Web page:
Improved Virtual Learning Environment (VLE) material – embedded videos to reinforce induction content, new Reading for Pleasure section to encourage reader development and apps to help to hone information/digital literacy skills.
Greater promotion of reading – National Libraries Day, more Six Book Challenge completers, World Book Night and Reading for Pleasure Moodle VLE block.
Extra refresher/consolidation sessions on information literacy skills eg referencing.
Rolled out dyslexic friendly labeling for books to help navigate our material – based on the International Libraries Association Federation (IFLA) Guidelines for Library Services to Persons with Dyslexia.

Non-fiction with picturesGetting new textbooks and non-fiction books that are suitable for Further Education students is an enjoyable and challenging part of the LRC team’s job. There are fantastic books on all subjects but the problem is that some are higher education focused, i.e. really wordy.

Making the most of Illustrations is a central part of reading. A picture tells a thousand words, right? We keep an eye out for non-fiction that has lots of pictures and graphics alongside high-quality writing.This is good news for a faster engagement with new topics and understanding for visual learners such as dyslexics. At the same time, non-fiction books that are less text-heavy are also easier to skim read and skip to key subheadings. These can be good reading strategies. Humour is often used too which can make even the driest subject more interesting.

Here are a few titles that are new and focus on illustrating the issues (we’re not saying these subjects are dry!):

Let us know what other non-fiction ‘picture books’ you like. Which subjects lend themselves well to being illustrated or is this approach just for children?

Back in March our team submitted three entries for the Council for Learning Resources in Colleges (CoLRiC) Best Practice Awards 2015. This year there were three categories:

  1. customer service
  2. information literacy
  3. reader development.

We put in entries into each category and this week we heard that we’d got second place in the Information Literacy category for Copyright and Plagiarism Using Wordwall which is part of our information skills induction for learners on longer courses. We we use Wordwall with students on handheld devices answering questions on copyright and referencing using the Harvard reference system. We use the Wordwall kit to boost students digital literacy and as a fun activity which lets them get personal feedback on how they’ve done. Here’s one of our activities on referencing a book:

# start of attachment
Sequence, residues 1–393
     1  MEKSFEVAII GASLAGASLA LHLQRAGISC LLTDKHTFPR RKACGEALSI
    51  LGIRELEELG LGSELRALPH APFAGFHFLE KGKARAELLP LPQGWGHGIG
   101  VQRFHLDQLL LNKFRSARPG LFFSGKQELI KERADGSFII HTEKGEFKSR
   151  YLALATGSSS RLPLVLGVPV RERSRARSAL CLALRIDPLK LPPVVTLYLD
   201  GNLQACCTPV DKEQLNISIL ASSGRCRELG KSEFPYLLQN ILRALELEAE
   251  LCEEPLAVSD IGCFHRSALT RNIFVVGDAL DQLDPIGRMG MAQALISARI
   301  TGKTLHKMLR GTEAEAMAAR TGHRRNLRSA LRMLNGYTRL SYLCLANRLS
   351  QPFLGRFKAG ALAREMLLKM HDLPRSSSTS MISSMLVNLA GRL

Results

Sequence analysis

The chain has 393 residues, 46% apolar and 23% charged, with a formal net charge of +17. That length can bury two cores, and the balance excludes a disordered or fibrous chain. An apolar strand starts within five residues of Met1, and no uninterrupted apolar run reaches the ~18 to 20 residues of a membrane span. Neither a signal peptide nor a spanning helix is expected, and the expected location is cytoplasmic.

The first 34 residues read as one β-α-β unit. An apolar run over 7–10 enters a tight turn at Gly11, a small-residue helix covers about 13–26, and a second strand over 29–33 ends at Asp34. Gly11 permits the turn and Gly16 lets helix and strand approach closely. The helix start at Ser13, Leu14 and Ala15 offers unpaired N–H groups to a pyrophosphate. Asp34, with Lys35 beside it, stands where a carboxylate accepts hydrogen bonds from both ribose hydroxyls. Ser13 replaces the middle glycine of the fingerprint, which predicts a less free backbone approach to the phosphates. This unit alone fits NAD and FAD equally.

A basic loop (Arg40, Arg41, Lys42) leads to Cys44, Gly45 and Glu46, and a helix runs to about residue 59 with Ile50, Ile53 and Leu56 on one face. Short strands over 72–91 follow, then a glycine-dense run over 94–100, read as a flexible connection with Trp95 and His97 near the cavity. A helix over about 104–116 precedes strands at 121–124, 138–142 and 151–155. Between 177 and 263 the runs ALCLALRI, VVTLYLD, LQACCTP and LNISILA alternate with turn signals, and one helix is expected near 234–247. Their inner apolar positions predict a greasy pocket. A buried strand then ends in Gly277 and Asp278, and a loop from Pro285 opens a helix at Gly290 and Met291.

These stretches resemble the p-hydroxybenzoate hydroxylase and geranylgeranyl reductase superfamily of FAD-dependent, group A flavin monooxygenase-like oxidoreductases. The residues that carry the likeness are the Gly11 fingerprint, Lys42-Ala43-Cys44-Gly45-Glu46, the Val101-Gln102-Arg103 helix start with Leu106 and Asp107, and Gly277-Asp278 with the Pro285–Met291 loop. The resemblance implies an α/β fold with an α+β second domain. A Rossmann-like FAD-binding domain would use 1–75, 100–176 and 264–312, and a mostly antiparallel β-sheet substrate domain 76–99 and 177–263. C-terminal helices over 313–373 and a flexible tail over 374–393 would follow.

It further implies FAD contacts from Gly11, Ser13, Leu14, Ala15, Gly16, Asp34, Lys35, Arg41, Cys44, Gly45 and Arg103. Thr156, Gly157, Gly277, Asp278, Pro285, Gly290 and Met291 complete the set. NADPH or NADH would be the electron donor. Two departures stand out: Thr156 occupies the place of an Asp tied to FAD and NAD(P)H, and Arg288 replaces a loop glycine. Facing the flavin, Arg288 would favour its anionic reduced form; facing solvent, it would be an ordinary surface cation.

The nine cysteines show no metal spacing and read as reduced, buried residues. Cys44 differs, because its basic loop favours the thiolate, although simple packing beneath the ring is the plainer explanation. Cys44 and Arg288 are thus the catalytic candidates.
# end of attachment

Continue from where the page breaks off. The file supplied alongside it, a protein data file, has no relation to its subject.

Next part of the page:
Referencing a Book on Wordwall

 

 

 

 

 

 

We also got third prize in the Customer Service category for our Virtual Learning Environment (VLE) Redesign and Dyslexia. For this project we worked with students, tutors and colleagues inside and outside our college to create a dyslexic-friendly look to our VLE, with a user-friendly course content template and accessibility plugins with read out loud and overlay features.

Here’s a view of the overlay accessibility feature in action:

Virtual Learning Environment with Green Overlay

 

 

 

 

 

Read CoLRiC’s press release to find out about other winners.  Many thanks to our students, staff and colleagues on working with us and inputting to our award wins.

 

A 'stair' of booksThis week we have been looking at the Load2Learn website which Jisc TechDis have been promoting. The site allows UK schools and colleges to give their students with print disabilities – and staff working with them –  access to an electronic version of a publication that the library/Learning Resources Centre (LRC) holds in paper.

Some of these electronic formats include PDF, MP3, ePub and Daisy. These formats are also dyslexic-friendly as they give them the chance to add notes, highlight, change background colours, increase font size and get them to read out loud. And it’s free!

It’s good to have a centralised system and repository for storing and accessing material without have to contact each individual publisher.

All you have to do is sign up on their website and get approved as a member for allowing access to download and upload material.


Enter your email address to follow this blog and receive notifications of new posts by email.

Join 288 other followers

Follow me on Twitter

Advertisements